troubleshooting Question

Unexpected Shutdowns and Trouble Booting Thereafter

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PotterjazzFlag for United States of America asked on
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I have a self-built computer with the following hardware:

Intel Core i5 750 2.66 G quad core processor
ASRock P55 Pro motherboard
GSkill Ripsaw 4GB RAM (two sticks = 8GB Ram)
VGA MSI NX8600GTS-T2D256E-OC (with a power cable that goes from a 6-pin male to a 4-pin female connector that attaches to one of the 4-pin males coming off the powersupply)
Enermax EG425P-VE SFMA 2.0 420W Powersupply
Western Digital 250GB SATA hard drive (WD2500AAKX) (boot drive) (Bottom position 3.5” Drive Bay)
Floppy disc (Middle position 3.5” Drive Bay)
Seagate Barracuda 120GB IDE (Top position 3.5” Drive Bay—data cable connected to IDE port but drive not powered…all other drives mentioned in this list are powered and visible from the Windows disc manager)
Seagate Barracuda 250 GB 6RY1EE99 (left position large drive bay)
Seagate Barracuda 1 TB 9vP1L2PG (middle position large drive bay)
Seagate (refurb’d) Barracuda 250GB 6RY39YR2 (right position large drive bay)
Light-On iHAS424 B Double-layer DVD burner (SATA)
LG WH12LS38 Blu-Ray Burner (SATA)

Description of events:
      Twice in the past week I have found my computer running, but with a black screen and the word “Grub” in the upper left hand corner. In each case, attempts to restart the computer resulted in a very slow process of stepping through the boot process that precedes Windows 7 loading. The delay comes after the splash screen, when the BIOS is self-checking the computer (where devices are discovered and listed on the screen). It particularly seemed to hang very long right after displaying the amount of RAM available), and it is right after the RAM is displayed that Grub appears, apparently. If I reboot again it often seems to just hang at the RAM display and I don’t know that if I waited long enough, the Grub would appear again. However, if I restart using CTRL-ALT-DEL several times, eventually the initial splash screen, BIOS self-check, RAM and Device listing goes at a more normal pace and is following by my multi-os Windows boot screen (Windows 7 Enterprise 64-bit and Vista 64-bit), which defaults to Windows 7 in 30 seconds, or when I hit the return, and Windows loads.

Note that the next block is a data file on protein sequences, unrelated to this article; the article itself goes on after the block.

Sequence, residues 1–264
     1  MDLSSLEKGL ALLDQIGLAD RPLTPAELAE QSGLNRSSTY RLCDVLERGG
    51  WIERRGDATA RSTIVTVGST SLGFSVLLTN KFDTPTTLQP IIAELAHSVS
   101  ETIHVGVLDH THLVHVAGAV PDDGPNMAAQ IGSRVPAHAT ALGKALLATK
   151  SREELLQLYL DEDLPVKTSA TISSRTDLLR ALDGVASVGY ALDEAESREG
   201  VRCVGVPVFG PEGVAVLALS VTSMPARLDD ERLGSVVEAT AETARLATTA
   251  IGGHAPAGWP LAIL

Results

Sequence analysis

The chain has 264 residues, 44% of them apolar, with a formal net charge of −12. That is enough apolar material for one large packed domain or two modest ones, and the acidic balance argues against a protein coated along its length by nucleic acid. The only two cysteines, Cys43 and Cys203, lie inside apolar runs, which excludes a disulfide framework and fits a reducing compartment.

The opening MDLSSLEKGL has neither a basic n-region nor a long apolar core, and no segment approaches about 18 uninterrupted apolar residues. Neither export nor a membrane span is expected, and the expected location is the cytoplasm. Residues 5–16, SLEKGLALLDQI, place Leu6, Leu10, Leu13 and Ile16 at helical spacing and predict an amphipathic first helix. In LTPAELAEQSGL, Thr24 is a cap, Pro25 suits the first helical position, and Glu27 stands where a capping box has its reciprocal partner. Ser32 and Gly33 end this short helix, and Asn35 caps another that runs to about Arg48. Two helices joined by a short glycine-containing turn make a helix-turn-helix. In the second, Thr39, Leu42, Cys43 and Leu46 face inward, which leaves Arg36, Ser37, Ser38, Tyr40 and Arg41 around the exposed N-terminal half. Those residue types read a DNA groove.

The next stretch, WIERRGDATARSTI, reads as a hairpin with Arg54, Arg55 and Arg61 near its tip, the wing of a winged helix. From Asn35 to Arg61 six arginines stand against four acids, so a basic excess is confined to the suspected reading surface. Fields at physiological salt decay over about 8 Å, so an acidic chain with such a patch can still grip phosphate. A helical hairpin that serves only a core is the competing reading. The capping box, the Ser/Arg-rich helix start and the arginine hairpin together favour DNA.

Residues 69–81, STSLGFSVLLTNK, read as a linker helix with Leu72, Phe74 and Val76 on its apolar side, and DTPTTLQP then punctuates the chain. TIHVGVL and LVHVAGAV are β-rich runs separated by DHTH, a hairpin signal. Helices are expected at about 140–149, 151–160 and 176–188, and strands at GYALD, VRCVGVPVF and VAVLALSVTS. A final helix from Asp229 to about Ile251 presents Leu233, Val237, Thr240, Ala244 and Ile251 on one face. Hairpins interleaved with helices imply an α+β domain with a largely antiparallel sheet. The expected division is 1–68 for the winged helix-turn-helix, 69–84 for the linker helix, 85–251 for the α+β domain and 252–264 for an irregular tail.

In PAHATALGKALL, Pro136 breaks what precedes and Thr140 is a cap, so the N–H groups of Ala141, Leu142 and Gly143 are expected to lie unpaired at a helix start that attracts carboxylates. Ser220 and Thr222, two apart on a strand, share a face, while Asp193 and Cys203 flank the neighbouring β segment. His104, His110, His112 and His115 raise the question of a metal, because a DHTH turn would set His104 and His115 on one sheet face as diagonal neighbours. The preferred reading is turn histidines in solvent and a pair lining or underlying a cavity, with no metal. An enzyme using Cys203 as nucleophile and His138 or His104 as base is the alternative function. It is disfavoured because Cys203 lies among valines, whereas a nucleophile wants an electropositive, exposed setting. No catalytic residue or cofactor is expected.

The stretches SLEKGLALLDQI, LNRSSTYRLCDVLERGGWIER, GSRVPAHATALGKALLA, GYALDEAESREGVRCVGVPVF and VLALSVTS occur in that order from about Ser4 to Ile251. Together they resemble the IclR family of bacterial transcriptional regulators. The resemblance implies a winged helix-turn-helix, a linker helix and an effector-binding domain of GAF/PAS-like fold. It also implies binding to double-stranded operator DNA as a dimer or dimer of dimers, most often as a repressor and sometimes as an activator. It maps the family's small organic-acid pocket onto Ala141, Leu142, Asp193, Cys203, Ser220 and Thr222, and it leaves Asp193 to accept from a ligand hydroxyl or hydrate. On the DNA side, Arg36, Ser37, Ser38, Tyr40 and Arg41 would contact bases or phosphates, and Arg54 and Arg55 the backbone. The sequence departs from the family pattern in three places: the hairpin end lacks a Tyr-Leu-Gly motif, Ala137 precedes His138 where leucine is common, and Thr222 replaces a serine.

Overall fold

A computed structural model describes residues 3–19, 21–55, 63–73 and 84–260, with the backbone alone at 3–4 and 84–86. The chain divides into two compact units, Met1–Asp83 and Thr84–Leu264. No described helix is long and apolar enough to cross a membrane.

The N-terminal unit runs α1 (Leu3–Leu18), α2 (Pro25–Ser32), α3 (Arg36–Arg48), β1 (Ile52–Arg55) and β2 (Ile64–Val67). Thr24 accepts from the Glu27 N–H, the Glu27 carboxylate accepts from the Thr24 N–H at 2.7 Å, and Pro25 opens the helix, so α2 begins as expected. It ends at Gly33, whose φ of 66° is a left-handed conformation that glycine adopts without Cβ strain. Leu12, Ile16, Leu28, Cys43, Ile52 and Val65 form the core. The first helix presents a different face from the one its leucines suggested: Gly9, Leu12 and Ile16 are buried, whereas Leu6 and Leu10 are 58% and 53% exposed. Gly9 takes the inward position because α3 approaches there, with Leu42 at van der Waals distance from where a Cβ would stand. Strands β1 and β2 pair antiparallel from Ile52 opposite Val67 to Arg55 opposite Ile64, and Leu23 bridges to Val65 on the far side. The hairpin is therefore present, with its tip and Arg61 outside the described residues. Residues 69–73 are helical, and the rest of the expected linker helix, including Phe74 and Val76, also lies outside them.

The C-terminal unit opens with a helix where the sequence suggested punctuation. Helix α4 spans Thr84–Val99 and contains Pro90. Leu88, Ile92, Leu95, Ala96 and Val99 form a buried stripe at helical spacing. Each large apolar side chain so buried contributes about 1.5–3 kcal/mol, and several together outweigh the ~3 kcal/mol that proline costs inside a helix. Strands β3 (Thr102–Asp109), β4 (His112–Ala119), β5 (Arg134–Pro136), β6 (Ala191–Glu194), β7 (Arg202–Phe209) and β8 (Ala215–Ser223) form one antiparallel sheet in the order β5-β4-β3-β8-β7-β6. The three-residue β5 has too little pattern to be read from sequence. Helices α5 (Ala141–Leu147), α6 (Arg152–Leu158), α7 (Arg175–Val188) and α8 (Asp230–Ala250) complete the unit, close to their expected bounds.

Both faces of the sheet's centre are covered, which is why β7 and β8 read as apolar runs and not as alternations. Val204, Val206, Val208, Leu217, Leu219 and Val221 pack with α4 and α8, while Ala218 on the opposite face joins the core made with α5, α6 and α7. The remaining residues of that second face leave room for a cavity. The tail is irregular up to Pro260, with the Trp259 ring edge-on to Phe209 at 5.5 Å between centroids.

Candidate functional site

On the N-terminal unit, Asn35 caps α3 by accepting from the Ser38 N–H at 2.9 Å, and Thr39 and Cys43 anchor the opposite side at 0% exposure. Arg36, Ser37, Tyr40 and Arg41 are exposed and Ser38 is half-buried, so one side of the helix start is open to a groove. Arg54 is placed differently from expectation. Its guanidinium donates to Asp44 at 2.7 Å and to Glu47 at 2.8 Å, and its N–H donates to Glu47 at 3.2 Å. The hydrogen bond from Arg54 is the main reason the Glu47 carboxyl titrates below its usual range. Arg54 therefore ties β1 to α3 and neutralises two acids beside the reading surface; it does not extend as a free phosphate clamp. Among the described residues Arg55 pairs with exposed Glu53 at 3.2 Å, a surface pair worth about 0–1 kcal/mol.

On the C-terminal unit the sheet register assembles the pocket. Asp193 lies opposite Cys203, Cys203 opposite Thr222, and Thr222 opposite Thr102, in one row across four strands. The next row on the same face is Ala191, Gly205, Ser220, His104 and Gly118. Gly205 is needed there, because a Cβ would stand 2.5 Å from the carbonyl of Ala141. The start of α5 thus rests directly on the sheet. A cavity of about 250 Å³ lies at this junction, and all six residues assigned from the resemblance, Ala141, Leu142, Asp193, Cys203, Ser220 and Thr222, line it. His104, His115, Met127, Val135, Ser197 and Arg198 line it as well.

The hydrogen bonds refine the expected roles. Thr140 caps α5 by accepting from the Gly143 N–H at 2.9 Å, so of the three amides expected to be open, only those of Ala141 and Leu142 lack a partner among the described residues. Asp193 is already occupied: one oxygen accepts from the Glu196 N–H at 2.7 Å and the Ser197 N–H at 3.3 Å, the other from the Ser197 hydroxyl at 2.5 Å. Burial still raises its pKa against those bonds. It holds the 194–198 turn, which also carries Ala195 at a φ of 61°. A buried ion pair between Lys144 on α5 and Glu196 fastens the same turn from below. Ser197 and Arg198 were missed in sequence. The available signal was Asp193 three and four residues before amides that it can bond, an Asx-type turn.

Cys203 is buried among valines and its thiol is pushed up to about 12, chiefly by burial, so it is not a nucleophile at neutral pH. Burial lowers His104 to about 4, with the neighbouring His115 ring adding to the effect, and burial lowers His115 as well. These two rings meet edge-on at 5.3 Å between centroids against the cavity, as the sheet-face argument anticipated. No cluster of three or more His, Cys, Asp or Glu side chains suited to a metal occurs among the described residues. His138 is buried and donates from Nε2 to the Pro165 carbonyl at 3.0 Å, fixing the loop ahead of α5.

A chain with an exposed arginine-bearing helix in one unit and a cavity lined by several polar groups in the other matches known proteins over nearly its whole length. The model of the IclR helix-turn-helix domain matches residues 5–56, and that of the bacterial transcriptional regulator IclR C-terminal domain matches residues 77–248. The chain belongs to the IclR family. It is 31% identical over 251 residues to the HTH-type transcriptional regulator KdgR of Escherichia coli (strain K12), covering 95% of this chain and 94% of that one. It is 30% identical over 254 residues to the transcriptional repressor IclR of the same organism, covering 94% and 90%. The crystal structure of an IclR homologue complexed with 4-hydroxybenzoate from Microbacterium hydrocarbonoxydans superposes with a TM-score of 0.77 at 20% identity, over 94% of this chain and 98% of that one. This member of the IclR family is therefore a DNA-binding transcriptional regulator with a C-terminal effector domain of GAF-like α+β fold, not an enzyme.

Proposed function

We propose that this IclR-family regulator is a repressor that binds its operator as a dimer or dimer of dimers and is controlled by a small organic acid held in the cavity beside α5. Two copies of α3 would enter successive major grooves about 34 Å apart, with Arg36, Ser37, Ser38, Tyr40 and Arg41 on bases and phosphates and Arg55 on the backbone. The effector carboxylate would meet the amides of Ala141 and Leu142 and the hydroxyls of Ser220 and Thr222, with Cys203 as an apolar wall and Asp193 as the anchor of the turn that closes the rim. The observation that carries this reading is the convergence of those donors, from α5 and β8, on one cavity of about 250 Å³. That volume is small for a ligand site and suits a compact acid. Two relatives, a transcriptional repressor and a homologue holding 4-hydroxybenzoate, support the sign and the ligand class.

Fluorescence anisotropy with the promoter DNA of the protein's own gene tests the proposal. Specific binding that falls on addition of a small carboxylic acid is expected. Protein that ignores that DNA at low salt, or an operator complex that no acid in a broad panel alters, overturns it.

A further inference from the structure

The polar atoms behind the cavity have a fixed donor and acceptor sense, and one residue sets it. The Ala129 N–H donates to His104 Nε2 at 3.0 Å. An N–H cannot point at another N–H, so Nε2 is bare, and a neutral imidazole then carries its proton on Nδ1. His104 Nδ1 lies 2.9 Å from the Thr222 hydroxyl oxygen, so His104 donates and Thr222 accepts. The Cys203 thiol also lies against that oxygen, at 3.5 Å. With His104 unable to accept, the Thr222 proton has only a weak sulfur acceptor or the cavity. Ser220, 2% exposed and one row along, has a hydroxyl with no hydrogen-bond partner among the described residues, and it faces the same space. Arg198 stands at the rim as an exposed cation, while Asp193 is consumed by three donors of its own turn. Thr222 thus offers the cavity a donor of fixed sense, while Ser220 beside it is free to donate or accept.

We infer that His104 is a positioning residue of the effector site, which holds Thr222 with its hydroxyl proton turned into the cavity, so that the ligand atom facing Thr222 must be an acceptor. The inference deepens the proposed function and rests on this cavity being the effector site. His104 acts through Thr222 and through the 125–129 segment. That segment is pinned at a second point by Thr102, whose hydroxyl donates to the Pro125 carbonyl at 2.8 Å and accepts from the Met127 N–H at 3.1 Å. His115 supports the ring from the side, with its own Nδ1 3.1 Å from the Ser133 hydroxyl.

The machine seems to run fine once this has been accomplished, but apparently, something goes wrong and it experiences an unexpected shutdown (see attached event log snapshots showing the shutdown, along with application event logs showing some of the errors recorded during the successful booting of Windows once I get the system back up and running).  Since this has happened three times in three days, after the second time, I prepared to run some diagnostic tests. First I ran fdisk /r from the Windows 7 installation DVD (after going to the command prompt among the repair options). That produced a report of bad clusters in pagefile.sys, suggesting a shutdown during a write operation to that file. I then ran MemTest86 from a bootable disc and the RAM passed. I then, late last night, installed and initiated a Prime95 stress test of which is supposed to determine the health of the CPU, L1 and L2 caches, RAM CPU and Case cooling. I set the program to run from 11 pm to 8 a.m.  It ran continuously, and successfully (with no errors shown in the logs it records.....see attached file named "results.txt") until 6:18.4, which is approximately 1-2 minutes before the unexpected shutdown of the machine recorded in the Windows event logs (see attached snapshots of Windows Event logs).

After taking the computer apart, cleaning it, and moving the boot drive to a secure position in the 3.5” drive bay (it was formerly lying on the bottom of the Lian Li case toward the back), I rebooted the computer and it seemed to be working fine. I now suspect that the problem is that I have too many powered devices on a fairly limited powersupply. This could, I suppose, cause the system to suddenly turn off due to power fluctuations affecting the motherboard, but I wonder if the Grub problem could be a result of the sudden shutdown when the main drive is active. Perhaps it causes damage to the boot sector that somehow is overcome after several restarts? Since Grub is, I thought, associated with the Linux boot manager, I am confused by its appearance in this system, which has never had a Linux OS installed.

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